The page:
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If a hedge forms part of a garden and has been clearly managed as a hedge, then it is not protected. If you consider your neighbour's hedges are too high, then please read the advice below.

If a hedge is not part of garden or it has been left unmanaged for many years and has grown into a line or row of trees, then it may be protected.

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You don't normally need permission to plant a hedge or trees within a garden. And there no laws over how high you can grow a hedge, which can lead to issues between neighbours. 

Resolve the issue with your neighbour

If you have an issue with a neighbour’s hedge, you should talk to them about the problem and try to reach a mutually agreeable solution.

You could send a polite letter, or if this still doesn’t work, invite them to talk to independent mediators who can help you find a way forward.  Find a Civil Mediation provider on the Justice website.

Find out more on how to resolve issues about hedges from the Government information 'Over the garden hedge'.

Make a formal complaint

If you have followed the advice above and have not resolved the issue, you can make a formal complaint.

When you submit a complaint, we will sent a copy of your complaint to the owner of the hedge. We will remove your personal contact details from the copy we send them.

Determining high hedge complaints

If it is decided that a hedge adversely affects the reasonable enjoyment of your home and garden, then we can issue a remedial notice to the owner of the hedge setting out what must be done to reduce the height of the hedge, the time-frame for doing the work and what is required to prevent the problem happening again.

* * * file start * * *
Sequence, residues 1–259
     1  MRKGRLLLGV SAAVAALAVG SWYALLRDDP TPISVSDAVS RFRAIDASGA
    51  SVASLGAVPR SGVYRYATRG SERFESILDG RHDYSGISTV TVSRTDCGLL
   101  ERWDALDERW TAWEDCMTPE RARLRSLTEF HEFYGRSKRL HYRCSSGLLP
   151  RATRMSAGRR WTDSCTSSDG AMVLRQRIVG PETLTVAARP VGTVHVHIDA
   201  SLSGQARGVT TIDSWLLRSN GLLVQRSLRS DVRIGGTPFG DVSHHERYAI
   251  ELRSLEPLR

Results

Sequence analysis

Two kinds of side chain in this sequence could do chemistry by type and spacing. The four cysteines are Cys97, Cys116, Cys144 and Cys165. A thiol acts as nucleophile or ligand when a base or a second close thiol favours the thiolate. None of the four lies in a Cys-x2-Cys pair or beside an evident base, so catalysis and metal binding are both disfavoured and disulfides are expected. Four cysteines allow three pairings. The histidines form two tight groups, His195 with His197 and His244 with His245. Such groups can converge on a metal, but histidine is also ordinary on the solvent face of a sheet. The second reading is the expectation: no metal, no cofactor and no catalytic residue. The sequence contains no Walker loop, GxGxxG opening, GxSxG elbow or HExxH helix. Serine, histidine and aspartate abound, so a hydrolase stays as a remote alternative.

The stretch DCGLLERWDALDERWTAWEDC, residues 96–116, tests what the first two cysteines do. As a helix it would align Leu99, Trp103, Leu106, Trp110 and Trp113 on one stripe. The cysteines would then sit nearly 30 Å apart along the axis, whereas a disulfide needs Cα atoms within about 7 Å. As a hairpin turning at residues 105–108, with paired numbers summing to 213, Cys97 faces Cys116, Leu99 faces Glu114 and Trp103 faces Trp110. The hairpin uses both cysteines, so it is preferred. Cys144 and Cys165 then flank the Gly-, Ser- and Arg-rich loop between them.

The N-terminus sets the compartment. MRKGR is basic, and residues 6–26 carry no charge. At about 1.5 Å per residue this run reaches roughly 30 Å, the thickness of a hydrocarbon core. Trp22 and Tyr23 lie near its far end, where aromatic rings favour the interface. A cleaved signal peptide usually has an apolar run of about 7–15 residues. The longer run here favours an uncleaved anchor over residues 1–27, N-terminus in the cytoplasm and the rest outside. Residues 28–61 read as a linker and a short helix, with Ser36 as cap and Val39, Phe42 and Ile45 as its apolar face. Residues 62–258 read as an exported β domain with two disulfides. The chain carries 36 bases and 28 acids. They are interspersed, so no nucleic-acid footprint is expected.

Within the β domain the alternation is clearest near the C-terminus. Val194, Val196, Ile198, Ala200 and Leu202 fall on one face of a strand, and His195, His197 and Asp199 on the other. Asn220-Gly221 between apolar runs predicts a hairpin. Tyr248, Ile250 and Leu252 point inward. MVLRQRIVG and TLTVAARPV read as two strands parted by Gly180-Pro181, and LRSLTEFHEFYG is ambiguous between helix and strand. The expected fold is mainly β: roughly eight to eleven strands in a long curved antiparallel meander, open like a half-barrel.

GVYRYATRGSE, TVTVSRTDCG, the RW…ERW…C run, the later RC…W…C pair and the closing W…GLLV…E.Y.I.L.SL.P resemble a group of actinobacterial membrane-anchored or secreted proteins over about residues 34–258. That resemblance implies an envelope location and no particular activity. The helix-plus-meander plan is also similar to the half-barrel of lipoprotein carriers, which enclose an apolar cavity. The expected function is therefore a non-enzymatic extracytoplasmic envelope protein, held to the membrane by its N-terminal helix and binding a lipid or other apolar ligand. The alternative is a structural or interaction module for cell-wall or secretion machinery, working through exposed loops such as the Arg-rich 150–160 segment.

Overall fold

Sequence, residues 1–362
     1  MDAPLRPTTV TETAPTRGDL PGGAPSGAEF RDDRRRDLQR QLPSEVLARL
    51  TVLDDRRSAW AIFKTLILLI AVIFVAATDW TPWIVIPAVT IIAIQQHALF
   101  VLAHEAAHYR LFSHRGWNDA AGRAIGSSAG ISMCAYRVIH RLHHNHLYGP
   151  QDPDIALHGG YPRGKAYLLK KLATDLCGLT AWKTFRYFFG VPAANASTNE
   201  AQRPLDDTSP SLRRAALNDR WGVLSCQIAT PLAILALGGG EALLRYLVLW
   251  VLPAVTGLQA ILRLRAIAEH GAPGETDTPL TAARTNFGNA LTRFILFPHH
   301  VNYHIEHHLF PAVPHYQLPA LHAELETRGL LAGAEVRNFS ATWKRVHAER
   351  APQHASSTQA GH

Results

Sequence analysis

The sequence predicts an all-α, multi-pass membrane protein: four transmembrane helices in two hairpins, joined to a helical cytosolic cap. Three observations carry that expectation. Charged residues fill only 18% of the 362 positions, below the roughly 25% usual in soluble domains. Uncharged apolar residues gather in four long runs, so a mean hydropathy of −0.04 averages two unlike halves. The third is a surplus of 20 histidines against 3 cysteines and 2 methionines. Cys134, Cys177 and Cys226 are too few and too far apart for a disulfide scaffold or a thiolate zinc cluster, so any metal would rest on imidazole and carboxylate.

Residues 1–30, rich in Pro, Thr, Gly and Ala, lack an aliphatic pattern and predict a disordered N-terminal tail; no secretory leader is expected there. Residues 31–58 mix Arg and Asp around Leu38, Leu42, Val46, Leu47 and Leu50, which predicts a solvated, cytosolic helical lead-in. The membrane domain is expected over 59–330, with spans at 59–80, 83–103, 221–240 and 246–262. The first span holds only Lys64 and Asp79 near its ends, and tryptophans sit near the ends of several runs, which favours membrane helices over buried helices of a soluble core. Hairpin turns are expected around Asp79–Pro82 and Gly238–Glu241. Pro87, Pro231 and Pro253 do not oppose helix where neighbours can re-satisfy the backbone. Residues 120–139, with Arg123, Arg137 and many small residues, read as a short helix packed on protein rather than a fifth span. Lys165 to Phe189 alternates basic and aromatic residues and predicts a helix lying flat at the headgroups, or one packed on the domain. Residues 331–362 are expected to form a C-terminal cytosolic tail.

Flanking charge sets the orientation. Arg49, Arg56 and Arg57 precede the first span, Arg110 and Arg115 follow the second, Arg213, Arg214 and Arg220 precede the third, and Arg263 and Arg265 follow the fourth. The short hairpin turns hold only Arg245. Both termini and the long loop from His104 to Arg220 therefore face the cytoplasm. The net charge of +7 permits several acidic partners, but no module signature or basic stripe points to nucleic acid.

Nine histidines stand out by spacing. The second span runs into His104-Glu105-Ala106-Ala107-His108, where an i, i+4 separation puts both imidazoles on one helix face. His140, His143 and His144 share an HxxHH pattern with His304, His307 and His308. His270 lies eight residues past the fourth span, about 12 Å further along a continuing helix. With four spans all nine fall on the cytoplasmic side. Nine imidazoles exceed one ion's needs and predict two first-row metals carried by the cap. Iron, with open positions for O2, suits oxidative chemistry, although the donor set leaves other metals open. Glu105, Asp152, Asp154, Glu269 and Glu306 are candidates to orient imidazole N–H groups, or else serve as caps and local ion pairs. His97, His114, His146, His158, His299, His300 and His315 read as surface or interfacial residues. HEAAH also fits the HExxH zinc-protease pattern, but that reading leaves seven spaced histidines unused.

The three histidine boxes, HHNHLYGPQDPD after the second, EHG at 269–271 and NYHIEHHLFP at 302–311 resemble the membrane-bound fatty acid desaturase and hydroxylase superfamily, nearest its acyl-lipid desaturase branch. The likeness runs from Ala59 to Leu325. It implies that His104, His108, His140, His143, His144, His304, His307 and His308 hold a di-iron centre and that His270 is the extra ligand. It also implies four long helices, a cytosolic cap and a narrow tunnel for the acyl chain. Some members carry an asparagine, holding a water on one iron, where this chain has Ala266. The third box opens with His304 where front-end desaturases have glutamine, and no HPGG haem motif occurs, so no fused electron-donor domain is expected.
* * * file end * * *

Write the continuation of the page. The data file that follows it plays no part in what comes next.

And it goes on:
Complaining to the council about a neighbour's hedges should be a last resort.


Criteria for considering high hedge complaints

We can only consider a complaint if the:

  • person making the complaint is the owner or occupier of the property affected by the hedge
  • property affected is a domestic property
  • the height of the hedge is adversely affecting the reasonable enjoyment of the domestic property.

You will need to show evidence of the steps you have taken to reach a solution.

The high hedge must be:

  • growing on land owned by someone else
  • made up of a line of two or more trees or shrubs (or a portion of it)
  • mostly evergreen or semi-evergreen
  • more than 2 metres tall
  • obstructing light or views - even though there may be gaps in the foliage or between the trees or shrubs.

How much does it cost to make a formal complaint about a high hedge?

It costs £500 to make a formal complaint and you do not get the money back even if your complaint is accepted and acted on by the Council.

Make a high hedge formal complaint online

If you own or manage a countryside hedgerow (or hedgerow trees), then we recommend you consult the Hedgerows Regulations 1997, to make sure you fully comply with the law for hedgerows protected or otherwise.

The regulations do not apply to any hedgerows marking a boundary of a domestic house.  

What is a protected hedgerow?

These are hedges which:

  • grow in, or beside any common land, local nature reserve, Site of Special Scientific Interest, land used for agriculture, forestry or the breeding or keeping of horses, ponies or donkeys
  • are over 20 metres long, or meet another hedgerow if under 20 metres.

Removing a protected hedgerow

If you want to remove a hedgerow, or part of a hedgerow which is protected, you must contact us before doing any work, by submitting a:

Hedgerow Removal Notice (opens in new window)

Hedgerow Removal Notice - Guidance Notes (opens in new window)

Not sure if hedgerow is protected?

If you are not sure if the hedgerow you want to remove is protected, contact us on 01483 523307 to find out.

More information on protected hedgerows

See Countryside hedgerows: protection and management on